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Research paper
Sun exposure is an environmental factor for the development of blepharospasm
  1. Anna Molloy1,2,
  2. Laura Williams1,2,
  3. Okka Kimmich1,2,
  4. John S Butler3,
  5. Ines Beiser1,2,
  6. Eavan McGovern1,2,
  7. Sean O'Riordan1,2,
  8. Richard B Reilly3,
  9. Cathal Walsh4,5,
  10. Michael Hutchinson1,2
  1. 1Department of Neurology, St. Vincent's University Hospital, Dublin, Ireland
  2. 2School of Medicine and Medical Science, University College Dublin, Dublin, Ireland
  3. 3Trinity Centre for Bioengineering, Trinity College Dublin, Dublin, Ireland
  4. 4Department of Statistics, Trinity College Dublin, Dublin, Ireland
  5. 5Department of Mathematics and Statistics, University of Limerick, Limerick, Ireland
  1. Correspondence to Prof Michael Hutchinson, Department of Neurology, St. Vincent's University Hospital, Dublin 4, Ireland; mhutchin2{at}


Background Adult-onset isolated focal dystonia may present with various phenotypes including blepharospasm and cervical dystonia. Although inherited in an autosomal dominant manner with a markedly reduced penetrance, environmental factors are considered important in disease penetrance and expression. We observed a marked variation by latitude in the reports of the frequency of patients with blepharospasm relative to those with cervical dystonia; we hypothesised that sun exposure is an environmental risk factor for the development of blepharospasm in genetically susceptible individuals.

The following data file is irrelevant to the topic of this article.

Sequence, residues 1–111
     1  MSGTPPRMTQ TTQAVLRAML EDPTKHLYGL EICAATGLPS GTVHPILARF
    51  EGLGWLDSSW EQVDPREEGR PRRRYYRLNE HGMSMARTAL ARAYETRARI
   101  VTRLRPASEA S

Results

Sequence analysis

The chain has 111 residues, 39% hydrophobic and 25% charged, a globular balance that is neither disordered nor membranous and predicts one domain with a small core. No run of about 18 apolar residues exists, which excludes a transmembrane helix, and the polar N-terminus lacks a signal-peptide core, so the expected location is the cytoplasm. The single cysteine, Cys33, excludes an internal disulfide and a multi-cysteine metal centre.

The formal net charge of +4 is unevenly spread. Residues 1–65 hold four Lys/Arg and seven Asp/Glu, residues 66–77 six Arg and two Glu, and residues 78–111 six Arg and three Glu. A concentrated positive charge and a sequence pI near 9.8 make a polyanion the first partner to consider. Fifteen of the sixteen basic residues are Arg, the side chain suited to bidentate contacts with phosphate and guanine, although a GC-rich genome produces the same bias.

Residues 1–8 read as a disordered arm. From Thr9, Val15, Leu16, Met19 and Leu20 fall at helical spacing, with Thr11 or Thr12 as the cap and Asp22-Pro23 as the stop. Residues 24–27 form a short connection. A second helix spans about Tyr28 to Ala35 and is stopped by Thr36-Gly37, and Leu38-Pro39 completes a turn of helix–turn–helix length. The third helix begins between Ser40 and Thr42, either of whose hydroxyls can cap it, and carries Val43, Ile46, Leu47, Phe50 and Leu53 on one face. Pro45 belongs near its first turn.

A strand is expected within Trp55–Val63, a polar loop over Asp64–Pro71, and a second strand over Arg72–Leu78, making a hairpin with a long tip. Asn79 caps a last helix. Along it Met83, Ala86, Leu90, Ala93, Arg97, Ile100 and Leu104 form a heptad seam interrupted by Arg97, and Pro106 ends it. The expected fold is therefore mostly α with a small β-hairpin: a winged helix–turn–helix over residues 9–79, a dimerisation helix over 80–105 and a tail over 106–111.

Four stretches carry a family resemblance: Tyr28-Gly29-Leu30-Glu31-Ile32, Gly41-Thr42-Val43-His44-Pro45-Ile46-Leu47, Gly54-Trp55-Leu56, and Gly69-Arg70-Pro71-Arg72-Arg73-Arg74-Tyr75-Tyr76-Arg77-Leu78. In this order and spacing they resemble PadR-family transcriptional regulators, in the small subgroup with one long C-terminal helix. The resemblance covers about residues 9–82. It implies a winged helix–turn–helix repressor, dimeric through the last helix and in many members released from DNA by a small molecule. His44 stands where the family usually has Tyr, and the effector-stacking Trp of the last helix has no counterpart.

Methods From published clinic cohorts and epidemiological reports, the ratio of the number of cases of blepharospasm to cervical dystonia (phenotype case ratio) at each study site was analysed with regard to latitude and measures of annual insolation. Meta-regression analyses of the phenotype case ratio to these environmental factors were performed.

Results The phenotype case ratio in 15 eligible study sites over 41° of latitude demonstrated a statistically significant inverse association with latitude (p=0.0004, R2=53.5%). There were significant positive associations between the phenotype case ratio and quarter-one (January–March) insolation (p=0.0005, R2=53%) and average annual insolation (p=0.003, R2=40%).

Conclusion The increase in the blepharospasm: cervical dystonia case ratio with decreasing latitude and increasing insolation suggests that sunlight exposure is an environmental risk factor for the development of blepharospasm (rather than cervical dystonia) in individuals genetically susceptible to adult-onset dystonia.


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